The frontman on his killer new show and the
future of the record biz
Trent Reznor has some modest goals for Nine
Inch Nails' summer tour: "I want you to leave feeling like your head
exploded," he says backstage at the Forum in Inglewood, California, where his band is rehearsing. It's
a fitting goal for a guy who has spent the past year blowing up many of the
standard practices of the modern music business.
After completing his contract with Interscope
Records, Reznor released Ghosts I-IV, a double instrumental record, in packages
ranging from a $5 download to a $300 deluxe set. With no advance warning, he
followed up in May with The Slip, an album free for download from his Website.
Reznor's giveaway of The Slip went smoothly — more than a million people
downloaded it — but he has some misgivings, worrying that he's contributing to
an environment that devalues music and exploits musicians. "People feel
it's their right to get stuff free," he says. "I don't agree with it,
but I understand it. I think that's a fight you can't win. So then how can you
treat fans with respect and treat yourself with respect? By experimenting."
Reznor rejected the Radiohead scheme of letting fans decide what to pay for the
album. "It gives them too much power," he says. "I'm not saying
that you have to pay for it, but don't tell me that it's worth 50 cents."
The Slip is now also available as a CD-DVD package, in a limited edition of
250,000, and it debuted at Number 13 when it was released in July. "People
who want something physical at a reasonable price, they can get something that
has value to them," he says.
Reznor is talking during a break from
rehearsals at the Forum; he's wearing a black T-shirt and drinking a Diet
Hansen's Soda. While his music is full of howling battles between the id and
the superego, offstage he's calm with a sharp sense of humor. "I'm just an
actor playing me," he jokes. "Puff Daddy and the real me are on a
The show's production was complicated enough to
require weeks of rehearsal, which meant Reznor had to wrangle teams of
technicians. "I didn't go to leadership class," he says. "But
I'm having to transform from being an asshole to being a full-on dick."
When problems arise, Reznor doesn't throw tantrums; he just wields his wit like
a knife. "Are the smoke machines here?" he asks the techie manning
the light board.
"Yes!" shouts the
"Why, may I ask, is it completely
smoke-free in here, then?" Reznor is joined on this tour by four other
musicians: drummer Josh Freese, multi-instrumentalist Alessandro Cortini,
bassist Justin Meldal-Johnsen (formerly with Beck) and guitarist Robin Finck,
who has returned to NIN after a decade with Guns n' Roses. Reznor remembers
telling a previous guitarist that it didn't matter how he played "Terrible
Lie" as long as he got across the message "Fuck you." Now, in
what Reznor thinks might be a sign of growing older (he's 43), he prefers to
work with musicians who can play their instruments.
As an experiment, Reznor gave away a pair of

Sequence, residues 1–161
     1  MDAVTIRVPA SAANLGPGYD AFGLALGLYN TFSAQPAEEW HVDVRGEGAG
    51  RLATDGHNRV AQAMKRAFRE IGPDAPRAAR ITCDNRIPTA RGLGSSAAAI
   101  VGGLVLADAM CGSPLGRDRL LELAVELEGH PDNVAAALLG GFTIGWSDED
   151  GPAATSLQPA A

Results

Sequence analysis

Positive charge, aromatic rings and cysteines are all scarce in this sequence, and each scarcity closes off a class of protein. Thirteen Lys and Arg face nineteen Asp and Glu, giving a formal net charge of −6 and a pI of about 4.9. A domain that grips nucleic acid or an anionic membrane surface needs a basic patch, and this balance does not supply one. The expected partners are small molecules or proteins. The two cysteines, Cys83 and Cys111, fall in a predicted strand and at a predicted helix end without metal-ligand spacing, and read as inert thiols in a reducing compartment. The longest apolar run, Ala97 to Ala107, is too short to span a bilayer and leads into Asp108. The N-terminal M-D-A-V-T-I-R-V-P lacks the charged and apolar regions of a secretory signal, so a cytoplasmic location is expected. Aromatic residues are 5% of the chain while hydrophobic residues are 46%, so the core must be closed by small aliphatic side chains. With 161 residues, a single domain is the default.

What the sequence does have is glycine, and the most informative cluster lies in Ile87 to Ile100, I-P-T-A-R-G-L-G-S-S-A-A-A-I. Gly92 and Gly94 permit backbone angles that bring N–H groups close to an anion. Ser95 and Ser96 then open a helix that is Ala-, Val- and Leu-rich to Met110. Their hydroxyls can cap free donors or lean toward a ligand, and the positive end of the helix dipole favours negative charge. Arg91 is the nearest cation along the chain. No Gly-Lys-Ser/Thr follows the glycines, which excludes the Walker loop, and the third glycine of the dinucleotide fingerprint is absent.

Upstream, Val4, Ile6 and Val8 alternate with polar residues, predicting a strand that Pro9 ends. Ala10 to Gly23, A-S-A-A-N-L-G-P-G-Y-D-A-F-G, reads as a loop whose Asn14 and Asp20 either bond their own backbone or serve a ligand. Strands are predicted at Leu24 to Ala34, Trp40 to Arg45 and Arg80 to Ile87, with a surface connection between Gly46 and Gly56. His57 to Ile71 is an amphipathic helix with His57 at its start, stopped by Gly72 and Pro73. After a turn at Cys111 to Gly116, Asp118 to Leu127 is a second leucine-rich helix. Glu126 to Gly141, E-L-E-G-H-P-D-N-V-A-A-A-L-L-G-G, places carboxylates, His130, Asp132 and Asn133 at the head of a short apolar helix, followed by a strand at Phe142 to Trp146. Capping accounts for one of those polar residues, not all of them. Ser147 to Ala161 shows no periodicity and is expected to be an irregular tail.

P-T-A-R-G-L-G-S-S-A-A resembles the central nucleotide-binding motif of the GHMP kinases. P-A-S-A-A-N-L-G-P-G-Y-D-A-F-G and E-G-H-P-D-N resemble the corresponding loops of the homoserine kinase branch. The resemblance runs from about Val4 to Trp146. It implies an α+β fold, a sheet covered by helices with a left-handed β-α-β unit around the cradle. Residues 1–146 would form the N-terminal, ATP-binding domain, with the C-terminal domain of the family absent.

tickets for the tour's dress rehearsal by hiding an envelope under a rock in Burbank. Using a Google Earth link on his
Website, Reznor indicated the tickets' location with a question mark. Fans
quickly found the envelope. "Well, we couldn't leave that alone,"
Reznor says. "We hid another 30, in places from Watts Towers to behind a mirror in a strip-club
restroom to a Home Depot." One envelope was hidden in a graveyard; the
location was announced after it had closed for the day: "We wanted to see
if anyone would break in, because I would've. And someone did." Reznor
contemplated providing the location of Axl Rose's house and encouraging people
to dig in his yard for tickets, "just to see how many people got arrested
on his front lawn."
On opening night at Seattle's Key Arena on July 26th, Reznor
delivers on his head-exploding ambitions. After an opening half-hour played
under bright white lights, the band is sandwiched between video screens upstage
and downstage. The screens create optical illusions, assault the audience with
strobes and even deliberately hide the musicians' images behind a wall of
static. The two-hour show careens through Reznor's catalog, including a set of
chilled-out Ghosts material featuring Reznor on marimba. "Hurt" is
apocalyptic, and during his savage attack on "March of the Pigs,"
Reznor throws his mike stand like a javelin. There are still a few technical
glitches, including one point where the show grinds to a halt. "Somebody's
supposed to press a button to turn on the lights," Reznor tells the crowd.
"Things fuck up."
Reznor is girding himself for the rest of the
tour, which crisscrosses the U.S. through September before moving on
and Mexico. A lot of the Nineties are a blur to Reznor,
who was an alcoholic and a heroin addict; he's been sober since 2001.
"I've learned how to stay sane on the road," he says. "One of
the great things about being fucked up on the road is that it's not as boring.
There's a lot of hours in the day. 'Have I jacked off to that movie yet?' Yes,
I have. Again. Finally, I realized I can get work done — I've got three hours
before soundcheck, let's see if I can get a song written in that time." He
still relishes the moment when he hits the stage. "That's the ultimate —
you walk out, and you feel cool. Having good lighting and a cool stage is like
having a nice outfit on." Has he ever wished he had that lighting
offstage? Reznor laughs. "Yeah, and have it follow me around, playing
'Closer' the whole time." He beatboxes his song's famous rhythm and adopts
a faux-smug expression: "That's me."